Regulation of transcription is an interface between cell growth and HIV stimulated gene expression

Research report (imported) 2007 - Max Planck Institute of Molecular Physiology

Schulte, Antje; Czudnochowski, Nadine; Schönichen, André; Geyer, Matthias
Physikalische Biochemie (Prof. Dr. Roger Goody)
MPI für molekulare Physiologie, Dortmund
The transcription of chromosomal DNA into messenger RNA (mRNA) is a central process of eukaryotic gene expression. Shortly after initiation, transcription is paused by inhibition of the positive transcription elongation factor P-TEFb. This arrest acts as a control step before productive elongation of mature mRNA molecules takes place. P-TEFb is regulated by the protein Hexim1 and the small nuclear RNA 7SK. Scientists from MPI of Molecular Physiology in Dortmund have analysed the interaction between P-TEFb and its regulatory factors on a molecular level and shown, how the HIV Tat protein relieves this arrest to stimulate gene expression and production of viral proteins.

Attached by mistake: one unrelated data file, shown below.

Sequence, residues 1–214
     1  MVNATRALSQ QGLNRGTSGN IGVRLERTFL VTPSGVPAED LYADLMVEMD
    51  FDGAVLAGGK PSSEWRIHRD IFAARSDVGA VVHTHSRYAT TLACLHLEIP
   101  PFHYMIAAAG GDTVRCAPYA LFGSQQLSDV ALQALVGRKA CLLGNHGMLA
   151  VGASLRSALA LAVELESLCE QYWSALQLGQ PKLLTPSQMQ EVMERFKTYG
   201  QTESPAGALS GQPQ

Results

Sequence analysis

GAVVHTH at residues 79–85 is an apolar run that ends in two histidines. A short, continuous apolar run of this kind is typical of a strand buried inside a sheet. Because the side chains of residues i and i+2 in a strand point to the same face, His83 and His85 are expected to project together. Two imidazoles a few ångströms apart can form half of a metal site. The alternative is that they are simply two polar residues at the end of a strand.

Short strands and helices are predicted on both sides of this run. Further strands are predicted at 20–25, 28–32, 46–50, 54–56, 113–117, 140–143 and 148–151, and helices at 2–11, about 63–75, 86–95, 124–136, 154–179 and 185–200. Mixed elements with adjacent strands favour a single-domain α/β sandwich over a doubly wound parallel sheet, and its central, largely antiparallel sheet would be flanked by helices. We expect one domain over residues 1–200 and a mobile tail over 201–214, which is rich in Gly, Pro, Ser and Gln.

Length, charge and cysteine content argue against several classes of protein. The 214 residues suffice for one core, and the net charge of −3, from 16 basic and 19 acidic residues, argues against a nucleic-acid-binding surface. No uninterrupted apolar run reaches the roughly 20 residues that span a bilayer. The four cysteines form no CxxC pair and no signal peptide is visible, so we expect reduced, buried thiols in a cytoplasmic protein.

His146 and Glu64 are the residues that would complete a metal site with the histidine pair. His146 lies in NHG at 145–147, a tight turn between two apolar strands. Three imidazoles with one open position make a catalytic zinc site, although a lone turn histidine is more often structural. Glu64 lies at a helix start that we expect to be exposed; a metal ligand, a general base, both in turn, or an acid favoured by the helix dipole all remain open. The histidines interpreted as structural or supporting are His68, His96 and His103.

For the full text, see the German version.

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